PCOS (Polycystic Ovarian Syndrome)

published by Dr. Marcantel on January 21st, 2011 Print this page No Comments

thoughtful womanPCOS can and should be properly treated and managed. Dr Tina Marcantel is a naturopathic doctor in Gilbert, AZ. She also serves Mesa, Tempe, Scottsdale, Chandler, Queen Creek, Apache Junction, and the greater Phoenix area.

Polycystic Ovarian Syndrome, also called PCOS, is a hormonal disorder that involves multiple organ systems within the body. This condition can affect females of all ages and encompasses a group of signs and symptoms that may include some but not necessarily all of the following:

*Irregular periods (menses) or no menstrual bleeding. This may include infrequent menses cycles occurring at 2, 3, or even 6-month intervals. The flow and length of periods may vary. These infrequent menstrual cycles or the absence of periods may lead to infertility from the lack of ovulation.

*Increased hair growth on the back, chest, or face. Patients may also experience male-pattern baldness or thinning hair, acne, or oily skin as a result of elevated testosterone levels.

*Weight gain and obesity can result from elevated insulin levels due to insulin resistance; untreated, this may lead to type 2 diabetes.

*Elevated cholesterol and hypertension may result from the resultant weight gain.

*Many (poly) cysts, or fluid-filled sacs, may be present in the ovaries.

The cause of PCOS in not definitely known, but it is believed to be linked to cellular insensitivity to the hormone insulin. The production of too much insulin can cause an imbalance in female hormone production leading to irregular menstrual cycles and infertility. There may be a genetic component in PCOS, and a good medical history should include a discussion about family members (particularly mother or sisters) who were diagnosed with the syndrome.

Testing

Testing for a diagnosis of PCOS may include several methods:

*A thorough physical examination that includes measurement of the abdominal girth, weight, and an assessment of unusual hair growth on the face, arms, or back.

*A medical history interview to gather details about symptomology and whether a family history of PCOS may be indicated.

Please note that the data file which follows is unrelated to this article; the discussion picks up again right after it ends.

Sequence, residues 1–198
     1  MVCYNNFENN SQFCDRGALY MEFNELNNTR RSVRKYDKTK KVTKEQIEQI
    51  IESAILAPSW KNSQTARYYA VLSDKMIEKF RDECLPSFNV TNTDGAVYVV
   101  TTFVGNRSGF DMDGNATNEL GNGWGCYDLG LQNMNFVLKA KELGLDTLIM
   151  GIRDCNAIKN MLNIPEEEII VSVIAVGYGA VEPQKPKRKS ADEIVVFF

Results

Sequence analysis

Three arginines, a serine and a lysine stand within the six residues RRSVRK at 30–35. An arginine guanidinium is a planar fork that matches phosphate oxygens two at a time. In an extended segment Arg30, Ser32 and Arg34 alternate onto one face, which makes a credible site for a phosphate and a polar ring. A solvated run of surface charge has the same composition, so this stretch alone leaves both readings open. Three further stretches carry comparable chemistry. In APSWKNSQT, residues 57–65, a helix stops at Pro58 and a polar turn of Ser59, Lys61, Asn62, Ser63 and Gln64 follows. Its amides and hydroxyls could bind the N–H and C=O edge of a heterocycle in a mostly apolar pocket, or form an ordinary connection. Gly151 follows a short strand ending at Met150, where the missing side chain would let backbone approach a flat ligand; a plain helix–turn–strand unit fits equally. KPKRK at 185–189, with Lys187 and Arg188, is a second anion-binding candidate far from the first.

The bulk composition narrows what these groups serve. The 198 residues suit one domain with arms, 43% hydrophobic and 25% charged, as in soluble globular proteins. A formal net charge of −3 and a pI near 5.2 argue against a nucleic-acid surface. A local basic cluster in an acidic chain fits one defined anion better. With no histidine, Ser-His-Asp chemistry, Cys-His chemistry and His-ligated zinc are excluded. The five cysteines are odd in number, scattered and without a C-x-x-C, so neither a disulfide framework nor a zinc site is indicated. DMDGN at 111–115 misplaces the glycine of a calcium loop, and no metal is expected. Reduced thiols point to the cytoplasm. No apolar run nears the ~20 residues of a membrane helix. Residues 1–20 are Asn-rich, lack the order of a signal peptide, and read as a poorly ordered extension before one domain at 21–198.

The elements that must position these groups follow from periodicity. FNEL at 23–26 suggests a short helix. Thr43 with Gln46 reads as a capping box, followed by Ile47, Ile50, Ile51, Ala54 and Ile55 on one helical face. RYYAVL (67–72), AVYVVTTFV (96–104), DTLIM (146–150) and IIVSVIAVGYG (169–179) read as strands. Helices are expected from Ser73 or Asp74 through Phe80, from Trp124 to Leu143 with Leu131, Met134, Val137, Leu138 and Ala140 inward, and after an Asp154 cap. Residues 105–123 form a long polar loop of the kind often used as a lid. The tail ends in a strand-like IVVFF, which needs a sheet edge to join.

*Blood tests to measure fasting insulin and glucose levels.

*Salivary hormone tests to measure testosterone, estrogen, progesterone, and progesterone-to-estrogen ratio levels.

* An ultrasound of the ovaries to rule out the presence of cysts on the ovaries.

Treatment

While there is no “cure” for PCOS, it can and should be successfully managed. A naturopathic approach to treatment can be very effective in helping women with PCOS lead healthy, virtually symptom-free lives.

*Specific botanicals and food supplements can be used to target and normalize hormone levels and support healthy ovulation.

*A healthy diet that includes high-fiber foods such as flaxseed is important. Liver support supplements are also helpful in decreasing high levels of testosterone in the body.

*A professionally guided weight loss program will decrease both weight and insulin levels. This can help prevent the long-term effects of PCOS such as heart disease or type 2 diabetes.

*A proper exercise regimen is also important. Research shows that a consistent exercise routine can be as effective as the medication metformin that is commonly used in PCOS to reduce insulin resistance.

If you or your doctor suspects Polycystic Ovarian Syndrome, you should be properly screened for a diagnosis. Effective treatment and management of PCOS can mean not only a better quality of life now, but also avoiding other serious health problems in the future.

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